There is a lot of discussion about parental involvement in schools. There is nothing that will make a parent more involved than to know whether or not his or her child is learning.

One of the things that in my state we did when I was the governor was encourage there to be open transparency when it came to performance so everybody knew, everybody was aware of whether or not their school -- a lot of parents think their school is doing just fine until the results are posted, and we've got a parent here that I can't wait for you all to hear from. I got an earful behind the scenes.

(LAUGHTER)

A positive earful. Tell us your story, Brenda.

BRENDA SEFFRIN, PARENT: Well, you know, first of all, I think parents need to be held accountable also. I mean, it starts at home and that's what we have to realize. Yes, the schools can be held accountable, the teachers can be held accountable, the students can be held accountable, but we have to get involved, we have to be accountable at home for our children. We need to get parents more involved.

My son, in the first grade, we found out he was learning-disabled and the first thing they wanted to do was put him in special ed and I was, like, "There's no way. He can be taught just like any other normal kid."

GLOVER: He didn't go here.

SEFFRIN: No. No, not at Sullivant, he did not. But we found Mrs. Stockard, we found this school. She got him a tutor. They're saying by sixth grade he will not need a tutor any longer, he will not be learning disabled. He's making his own grades. He's one grade away from the honor roll here, doing his own work. And it's amazing. This school is amazing. And I owe it all to this school.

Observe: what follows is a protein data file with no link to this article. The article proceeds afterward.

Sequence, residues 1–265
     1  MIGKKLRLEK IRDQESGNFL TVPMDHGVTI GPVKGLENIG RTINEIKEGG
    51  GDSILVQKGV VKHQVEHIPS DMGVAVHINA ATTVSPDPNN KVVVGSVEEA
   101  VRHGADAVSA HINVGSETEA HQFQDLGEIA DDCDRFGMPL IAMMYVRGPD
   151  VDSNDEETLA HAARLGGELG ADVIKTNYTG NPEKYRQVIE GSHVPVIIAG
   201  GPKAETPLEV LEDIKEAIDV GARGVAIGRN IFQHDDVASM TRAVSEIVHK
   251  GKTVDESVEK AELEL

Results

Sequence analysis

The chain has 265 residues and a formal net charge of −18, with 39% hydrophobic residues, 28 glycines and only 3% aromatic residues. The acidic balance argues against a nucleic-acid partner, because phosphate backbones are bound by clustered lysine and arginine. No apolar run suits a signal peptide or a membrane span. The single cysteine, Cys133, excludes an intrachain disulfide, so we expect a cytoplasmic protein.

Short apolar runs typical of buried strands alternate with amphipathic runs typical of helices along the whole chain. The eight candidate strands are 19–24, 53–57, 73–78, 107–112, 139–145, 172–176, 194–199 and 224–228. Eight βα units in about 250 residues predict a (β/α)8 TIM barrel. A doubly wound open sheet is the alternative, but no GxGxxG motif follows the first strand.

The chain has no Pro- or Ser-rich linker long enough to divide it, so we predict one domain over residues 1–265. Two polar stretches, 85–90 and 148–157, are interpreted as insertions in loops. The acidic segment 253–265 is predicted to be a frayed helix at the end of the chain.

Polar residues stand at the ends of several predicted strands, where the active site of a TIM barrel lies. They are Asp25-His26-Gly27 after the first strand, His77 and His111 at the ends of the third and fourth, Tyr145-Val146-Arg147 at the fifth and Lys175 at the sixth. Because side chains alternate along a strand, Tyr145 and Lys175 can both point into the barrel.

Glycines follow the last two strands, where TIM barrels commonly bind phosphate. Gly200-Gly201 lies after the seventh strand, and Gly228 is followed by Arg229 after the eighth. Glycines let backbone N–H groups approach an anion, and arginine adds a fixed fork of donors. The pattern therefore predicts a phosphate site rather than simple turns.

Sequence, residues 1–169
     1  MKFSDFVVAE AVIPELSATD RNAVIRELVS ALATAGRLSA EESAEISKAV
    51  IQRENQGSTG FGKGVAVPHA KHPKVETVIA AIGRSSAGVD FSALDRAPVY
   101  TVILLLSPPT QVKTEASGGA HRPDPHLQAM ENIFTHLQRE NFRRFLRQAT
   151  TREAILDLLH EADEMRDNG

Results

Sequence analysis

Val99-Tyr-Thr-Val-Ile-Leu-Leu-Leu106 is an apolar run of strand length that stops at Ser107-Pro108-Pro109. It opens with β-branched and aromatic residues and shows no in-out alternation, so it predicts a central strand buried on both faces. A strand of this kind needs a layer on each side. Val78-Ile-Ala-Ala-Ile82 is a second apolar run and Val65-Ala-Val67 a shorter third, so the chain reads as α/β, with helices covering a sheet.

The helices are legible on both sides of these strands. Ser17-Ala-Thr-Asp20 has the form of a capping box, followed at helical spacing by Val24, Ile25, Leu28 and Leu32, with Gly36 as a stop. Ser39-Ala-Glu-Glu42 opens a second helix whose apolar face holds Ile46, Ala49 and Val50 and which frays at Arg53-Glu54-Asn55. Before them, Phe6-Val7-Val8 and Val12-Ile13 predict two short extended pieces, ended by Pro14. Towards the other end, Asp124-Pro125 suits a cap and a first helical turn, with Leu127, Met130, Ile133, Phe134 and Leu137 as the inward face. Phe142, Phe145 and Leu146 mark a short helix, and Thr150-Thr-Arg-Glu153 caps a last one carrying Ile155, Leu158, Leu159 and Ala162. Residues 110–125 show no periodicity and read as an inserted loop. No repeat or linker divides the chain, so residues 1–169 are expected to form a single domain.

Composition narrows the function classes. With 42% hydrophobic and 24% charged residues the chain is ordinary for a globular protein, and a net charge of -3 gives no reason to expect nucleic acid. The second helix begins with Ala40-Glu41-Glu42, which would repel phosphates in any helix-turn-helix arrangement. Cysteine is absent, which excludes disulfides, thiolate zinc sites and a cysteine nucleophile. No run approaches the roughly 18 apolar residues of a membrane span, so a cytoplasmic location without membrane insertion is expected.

BUSH: You were going to tell me something?

(LAUGHTER)

Don't panic...

QUESTION: Why are you putting me on the spot?

(LAUGHTER)

BUSH: Well, join the club.

(LAUGHTER)

QUESTION: I just was wondering if you could recommend any programs for our school to help encourage children -- and this if for you, too -- to write books, as well as read books. If there was anything that we could do.

BUSH: My recommendation is you tell Maria that.

(LAUGHTER)

The truth of the matter is, the best way to achieve objectives is to empower people at the local level to make those decisions. That's why a good principal, like Maria, will encourage parental involvement, so she gets feedback from what parents would like to see their children doing.

Part of the problem is Washington -- people look at Washington and say, well, we've got all the answers up there. And the truth of the matter is, we don't -- particularly when it comes to education. We may be able to provide some funding, so long as that funding is not so prescriptive that it hamstrings the ability for people to make decisions necessary, because I can assure the schools in Columbus, Ohio, are really different from Laredo, Texas. The children are to be loved, but we've got different challenges in got different challenges in different parts of the country.

KAGAN: We have been listening in to President Bush as he pays a visit to Sullivant Elementary School in Columbus, Ohio. He is the road today. The president and Mrs. Bush, they are pushing their education and budget priorities. From here it is off to St. Louis. We'll follow the president as he has his travels throughout the day.

TO ORDER A VIDEO OF THIS TRANSCRIPT, PLEASE CALL 800-CNN-NEWS OR USE OUR SECURE ONLINE ORDER FORM LOCATED AT www.fdch.com

 Search   


Back to the top